Sex Differences in the Intergenerational Transmission of Harsh Punishment of Children in Ghana

  • Georg Darko Åbo Akademi University, Finland

Abstract

The aim of the study was to assess the relationship between mothers’ and fathers’ use of harsh punishment on their children and their retrospective accounts of their own experiences of harsh parenting in childhood, in Ghana. Participants consisted of 1,202 parents (601 mothers and 601 fathers) who completed a questionnaire on harsh disciplinary practices. The findings showed associations between mothers’ and fathers’ childhood experiences of harsh punishment and their current use of such disciplinary techniques on their own children. Exposure and transmission varied by sex in that males were more exposed to harsh punishment when they were young than females, and they also punished their own children more often than females. Both males and females assessed that they used much less harsh parenting than they themselves had been exposed to as young. The use of physical punishment is a shared cultural value that is rooted as part of the Ghanaian national values. However, transmission in the use of harsh disciplinary measures across generations may be broken if younger generations of parents learn to use alternative ways of disciplining a child.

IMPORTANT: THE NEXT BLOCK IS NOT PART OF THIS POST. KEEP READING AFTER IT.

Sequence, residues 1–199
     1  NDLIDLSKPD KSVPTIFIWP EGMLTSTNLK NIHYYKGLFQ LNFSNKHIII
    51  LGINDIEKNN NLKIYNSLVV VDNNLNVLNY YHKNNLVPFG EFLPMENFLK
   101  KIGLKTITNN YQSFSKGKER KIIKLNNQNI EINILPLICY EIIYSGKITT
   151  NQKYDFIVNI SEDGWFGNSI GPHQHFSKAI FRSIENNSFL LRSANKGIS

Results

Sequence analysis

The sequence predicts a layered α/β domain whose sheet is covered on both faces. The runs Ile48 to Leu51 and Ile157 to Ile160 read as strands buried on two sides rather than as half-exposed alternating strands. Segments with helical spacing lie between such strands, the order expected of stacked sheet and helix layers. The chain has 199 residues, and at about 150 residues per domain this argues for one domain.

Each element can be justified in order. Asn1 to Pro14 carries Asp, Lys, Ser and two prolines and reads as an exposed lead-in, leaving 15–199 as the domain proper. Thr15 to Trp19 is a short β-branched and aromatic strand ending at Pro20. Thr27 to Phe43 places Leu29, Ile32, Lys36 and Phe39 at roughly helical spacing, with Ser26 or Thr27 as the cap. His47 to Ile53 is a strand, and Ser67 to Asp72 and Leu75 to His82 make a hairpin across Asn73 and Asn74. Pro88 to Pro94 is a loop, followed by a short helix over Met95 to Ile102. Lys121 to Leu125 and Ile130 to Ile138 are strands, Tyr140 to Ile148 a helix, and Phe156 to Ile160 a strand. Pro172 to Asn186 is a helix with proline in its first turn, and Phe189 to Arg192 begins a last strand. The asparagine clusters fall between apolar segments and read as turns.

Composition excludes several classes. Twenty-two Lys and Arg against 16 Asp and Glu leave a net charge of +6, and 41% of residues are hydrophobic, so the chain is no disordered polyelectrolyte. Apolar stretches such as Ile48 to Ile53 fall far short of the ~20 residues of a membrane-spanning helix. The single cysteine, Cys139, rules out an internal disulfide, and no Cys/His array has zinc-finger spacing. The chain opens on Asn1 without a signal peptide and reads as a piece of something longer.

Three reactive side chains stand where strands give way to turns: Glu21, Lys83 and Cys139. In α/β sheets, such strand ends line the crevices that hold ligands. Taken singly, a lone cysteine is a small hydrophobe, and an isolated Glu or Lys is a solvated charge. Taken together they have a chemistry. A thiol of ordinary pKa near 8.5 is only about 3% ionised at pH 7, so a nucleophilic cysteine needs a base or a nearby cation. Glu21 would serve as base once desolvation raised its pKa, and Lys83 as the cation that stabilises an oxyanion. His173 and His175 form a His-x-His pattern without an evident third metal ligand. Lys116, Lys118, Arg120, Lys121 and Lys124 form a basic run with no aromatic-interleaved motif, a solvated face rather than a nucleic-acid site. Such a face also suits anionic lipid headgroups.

Published
Sep 25, 2019
How to Cite
DARKO, Georg. Sex Differences in the Intergenerational Transmission of Harsh Punishment of Children in Ghana. European Journal of Social Science Education and Research, [S.l.], v. 6, n. 3, p. 104-111, sep. 2019. ISSN 2312-8429. Available at: <http://journals.euser.org/index.php/ejser/article/view/4536>. Date accessed: 20 oct. 2019.